Where Did Rapunzel Come From?

More and more lately, my hair has been getting in my way. So much so that I decided I need a haircut … which made me reflect on Rapunzel’s long hair … and then start to wonder where Rapunzel originated?

Rapunzel Illustration by John B. Gruelle and R. Emmett Owen for Grimm's Fairy Stories book from https://commons.wikimedia.org/wiki/File:Johnny_Gruelle_illustration_-_Rapunzel_-_Project_Gutenberg_etext_11027.jpg.
Rapunzel Illustration by John B. Gruelle and R. Emmett Owen for Grimm’s Fairy Stories book from https://commons.wikimedia.org/wiki/File:Johnny_Gruelle_illustration_-_Rapunzel_-_Project_Gutenberg_etext_11027.jpg.

I knew there was a Brothers Grimm version of Rapunzel. And when I checked it out, I found that there are actually different versions of the Grimm fairy tale called Rapunzelthe first published in 1812 in the Grimm Brothers’ book Children’s and Household Fairy Tales and the last version published in 1857 within the seventh edition of the Grimm book of fairy tales. You may have heard how the Grimm Brothers were writing their tales with a youthful audience in mind. Because of this, they edited out more adult themes as subsequent editions of their fairy tale books were published in order to make them more child friendly.

But I digress. The basic image most of us have of Rapunzel—and why I thought of her when I realized my hair was getting to be longer than I like it—is of someone with really, really, really long hair. So long she could lower it out her window from atop the tower she was locked in so that someone could use it to climb up that tower.

When you look back before the Grimms’ 1812 book of fairy tales, you find that they adapted Rapunzel from Friedrick Schulz’s 1790 publication of Rapunzel. Going back even further, you discover that Schulz’s Rapunzel was based on Charlotte-Rose de Caumont de La Force‘s 1698 tale, Persinette. Persinette can then be traced back even further to the 1634 Italian fairy tale Petrosinella collected and retold by Giambattista Basile.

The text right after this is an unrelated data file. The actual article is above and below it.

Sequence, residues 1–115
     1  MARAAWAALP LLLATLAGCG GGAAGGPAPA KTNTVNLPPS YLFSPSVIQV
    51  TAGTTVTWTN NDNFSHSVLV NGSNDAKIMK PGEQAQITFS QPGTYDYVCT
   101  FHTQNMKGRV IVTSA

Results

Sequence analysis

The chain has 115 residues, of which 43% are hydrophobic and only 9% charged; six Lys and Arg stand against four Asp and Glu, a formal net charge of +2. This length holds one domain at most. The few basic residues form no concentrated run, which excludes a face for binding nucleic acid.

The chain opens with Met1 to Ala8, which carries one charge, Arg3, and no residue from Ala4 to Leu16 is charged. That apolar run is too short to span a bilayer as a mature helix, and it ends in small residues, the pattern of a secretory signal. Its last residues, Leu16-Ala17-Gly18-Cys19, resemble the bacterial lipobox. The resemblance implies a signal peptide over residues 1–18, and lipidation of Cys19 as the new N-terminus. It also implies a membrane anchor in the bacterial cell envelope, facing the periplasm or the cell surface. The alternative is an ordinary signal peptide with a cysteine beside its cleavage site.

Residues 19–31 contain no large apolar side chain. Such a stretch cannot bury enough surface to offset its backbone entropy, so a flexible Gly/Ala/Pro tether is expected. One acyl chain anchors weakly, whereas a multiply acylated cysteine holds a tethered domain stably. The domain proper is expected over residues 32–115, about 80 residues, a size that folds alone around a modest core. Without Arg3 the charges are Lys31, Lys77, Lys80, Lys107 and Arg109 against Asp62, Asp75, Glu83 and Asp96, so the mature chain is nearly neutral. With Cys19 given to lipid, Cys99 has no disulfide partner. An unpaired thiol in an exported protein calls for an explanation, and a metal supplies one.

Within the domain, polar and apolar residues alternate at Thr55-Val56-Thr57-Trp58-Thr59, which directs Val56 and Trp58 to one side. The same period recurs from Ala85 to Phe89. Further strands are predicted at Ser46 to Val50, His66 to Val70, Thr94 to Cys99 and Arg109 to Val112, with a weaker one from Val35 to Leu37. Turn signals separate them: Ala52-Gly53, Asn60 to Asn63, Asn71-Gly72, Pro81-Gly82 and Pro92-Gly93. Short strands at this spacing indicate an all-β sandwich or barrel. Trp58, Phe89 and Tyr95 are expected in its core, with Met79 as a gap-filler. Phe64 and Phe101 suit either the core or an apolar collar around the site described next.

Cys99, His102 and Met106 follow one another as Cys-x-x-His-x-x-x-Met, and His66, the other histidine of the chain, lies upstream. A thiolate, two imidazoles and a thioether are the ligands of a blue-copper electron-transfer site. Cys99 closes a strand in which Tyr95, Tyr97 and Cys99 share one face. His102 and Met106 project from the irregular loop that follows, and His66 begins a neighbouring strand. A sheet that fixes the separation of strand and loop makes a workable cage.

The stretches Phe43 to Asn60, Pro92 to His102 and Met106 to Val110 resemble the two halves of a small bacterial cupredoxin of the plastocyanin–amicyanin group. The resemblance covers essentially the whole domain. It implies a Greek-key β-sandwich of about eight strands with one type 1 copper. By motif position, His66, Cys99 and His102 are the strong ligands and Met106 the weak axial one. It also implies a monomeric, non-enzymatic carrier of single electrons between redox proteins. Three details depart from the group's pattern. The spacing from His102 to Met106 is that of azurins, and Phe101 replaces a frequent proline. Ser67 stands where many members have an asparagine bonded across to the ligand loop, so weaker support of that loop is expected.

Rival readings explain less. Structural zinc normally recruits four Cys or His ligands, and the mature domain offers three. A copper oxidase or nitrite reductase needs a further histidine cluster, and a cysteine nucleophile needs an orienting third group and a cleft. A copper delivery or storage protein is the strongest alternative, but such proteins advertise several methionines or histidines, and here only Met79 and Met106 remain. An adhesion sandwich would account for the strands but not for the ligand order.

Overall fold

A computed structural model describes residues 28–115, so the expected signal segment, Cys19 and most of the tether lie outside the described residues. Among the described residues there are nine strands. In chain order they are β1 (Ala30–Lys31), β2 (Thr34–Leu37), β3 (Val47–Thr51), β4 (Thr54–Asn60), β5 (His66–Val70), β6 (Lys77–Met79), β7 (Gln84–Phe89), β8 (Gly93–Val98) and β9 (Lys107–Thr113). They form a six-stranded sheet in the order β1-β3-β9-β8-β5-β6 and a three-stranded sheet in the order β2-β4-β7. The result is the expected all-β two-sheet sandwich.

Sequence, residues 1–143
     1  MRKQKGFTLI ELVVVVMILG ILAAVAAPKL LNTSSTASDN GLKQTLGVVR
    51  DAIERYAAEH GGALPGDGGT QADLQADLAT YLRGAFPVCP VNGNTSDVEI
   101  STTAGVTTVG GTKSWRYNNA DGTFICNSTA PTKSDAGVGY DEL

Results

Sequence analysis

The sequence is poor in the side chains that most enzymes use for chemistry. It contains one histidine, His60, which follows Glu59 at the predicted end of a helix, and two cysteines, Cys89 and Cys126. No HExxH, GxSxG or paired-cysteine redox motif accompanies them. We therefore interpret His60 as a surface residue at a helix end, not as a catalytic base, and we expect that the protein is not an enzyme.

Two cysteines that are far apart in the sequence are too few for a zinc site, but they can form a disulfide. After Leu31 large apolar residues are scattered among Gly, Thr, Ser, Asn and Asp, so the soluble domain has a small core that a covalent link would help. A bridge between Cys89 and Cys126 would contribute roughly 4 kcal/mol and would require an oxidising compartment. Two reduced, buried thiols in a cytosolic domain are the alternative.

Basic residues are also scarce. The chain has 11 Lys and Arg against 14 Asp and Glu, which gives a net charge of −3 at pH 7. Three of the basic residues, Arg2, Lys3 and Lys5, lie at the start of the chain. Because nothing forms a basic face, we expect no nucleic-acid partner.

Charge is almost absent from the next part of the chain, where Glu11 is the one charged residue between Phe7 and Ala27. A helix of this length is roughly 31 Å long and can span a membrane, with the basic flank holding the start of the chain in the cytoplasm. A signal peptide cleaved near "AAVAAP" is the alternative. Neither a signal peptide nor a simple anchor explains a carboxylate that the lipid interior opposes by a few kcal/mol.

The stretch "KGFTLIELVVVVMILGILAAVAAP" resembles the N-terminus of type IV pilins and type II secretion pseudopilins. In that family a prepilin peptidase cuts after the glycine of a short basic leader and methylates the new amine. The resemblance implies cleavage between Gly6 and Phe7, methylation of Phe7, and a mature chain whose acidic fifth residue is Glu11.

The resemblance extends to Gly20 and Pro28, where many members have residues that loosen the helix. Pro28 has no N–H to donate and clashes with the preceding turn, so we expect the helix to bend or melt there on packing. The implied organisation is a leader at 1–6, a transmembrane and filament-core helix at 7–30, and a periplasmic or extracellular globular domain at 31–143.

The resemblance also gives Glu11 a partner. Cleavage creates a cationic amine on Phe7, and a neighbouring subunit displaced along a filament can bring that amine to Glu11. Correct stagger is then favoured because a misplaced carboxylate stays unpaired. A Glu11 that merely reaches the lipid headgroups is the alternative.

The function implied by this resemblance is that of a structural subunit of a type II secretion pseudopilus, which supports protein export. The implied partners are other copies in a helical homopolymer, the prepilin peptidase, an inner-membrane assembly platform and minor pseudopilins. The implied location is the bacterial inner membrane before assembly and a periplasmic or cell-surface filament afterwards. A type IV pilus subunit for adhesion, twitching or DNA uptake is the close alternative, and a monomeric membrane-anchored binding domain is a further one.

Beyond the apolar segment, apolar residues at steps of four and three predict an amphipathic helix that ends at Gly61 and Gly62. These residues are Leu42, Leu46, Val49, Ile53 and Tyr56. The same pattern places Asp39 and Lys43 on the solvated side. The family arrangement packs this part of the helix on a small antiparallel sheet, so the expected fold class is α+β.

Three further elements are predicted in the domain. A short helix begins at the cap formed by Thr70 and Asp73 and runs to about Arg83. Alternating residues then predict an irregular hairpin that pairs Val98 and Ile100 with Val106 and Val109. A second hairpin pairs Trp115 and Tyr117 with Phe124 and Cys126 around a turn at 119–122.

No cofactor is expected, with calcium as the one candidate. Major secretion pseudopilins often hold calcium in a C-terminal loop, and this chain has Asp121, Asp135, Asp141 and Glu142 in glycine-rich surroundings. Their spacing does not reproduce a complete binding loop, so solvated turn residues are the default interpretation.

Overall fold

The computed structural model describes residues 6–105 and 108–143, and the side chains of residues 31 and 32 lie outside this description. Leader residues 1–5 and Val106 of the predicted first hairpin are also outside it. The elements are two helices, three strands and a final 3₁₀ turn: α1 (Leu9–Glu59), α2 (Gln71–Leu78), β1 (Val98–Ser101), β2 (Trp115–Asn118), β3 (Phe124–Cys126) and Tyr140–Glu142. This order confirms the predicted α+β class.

Basile’s Petrosinella is the oldest European version of Rapunzel known, but if you go back to the 10th century, there is a Persian fairy tale known as Rudāba (contained in the epic poem The Shahnameh by Ferdowsi, written between 977 and 1010 CE). Just as Rapunzel does, Rudāba lowers her hair down from her palace (Rudāba was a princess of Kabul) so that her lover, Zāl, could use it as a rope to climb up.

But Rudāba still isn’t the oldest version of a story, legend, or myth that could be tied to Rapunzel. If you go clear back to Saint Barbara, who died around 200 CE (however the tales surrounding her can only be dated back to the 7th century), legend says her father Dioscorus locked her in a tower for protection because so many suitors were drawn to her great beauty. Although there are no reports of Saint Barbara having long hair, rumor has it she escaped before her father came to kill her (you see, Saint Barbara converted to Christianity and her Roman father was more than a little mad about it).

Photo of the Tower of Mangia (Torre del Mangia) in Siena, Tuscany, Italy by tatlin from https://pixabay.com/photos/torre-siena-medieval-tower-tuscany-101431/.
Photo of the Tower of Mangia (Torre del Mangia) in Siena, Tuscany, Italy by tatlin from https://pixabay.com/photos/torre-siena-medieval-tower-tuscany-101431/.

So … returning to my original question—where did Rapunzel come from? If you agree Rapunzel grew out of legends about Saint Barbara, then either Heliopolis in modern-day Lebanon or Nicomedia in modern-day Turkey, which are the most likely locations associated with legends of Saint Barbara.

If you think a clearer connection can be made between Rapunzel and Rudāba, then it’s Iran (modern-day Persia).

Or if you can’t make the leap between either Saint Barbara or Rudāba and Rapunzel, then your vote would be the Italian Petrosinella.

And now it’s time to go get my own hair cut before anyone comes by trying to lock me up in a tower!!!

Have a wonderful month, everyone! 🙂

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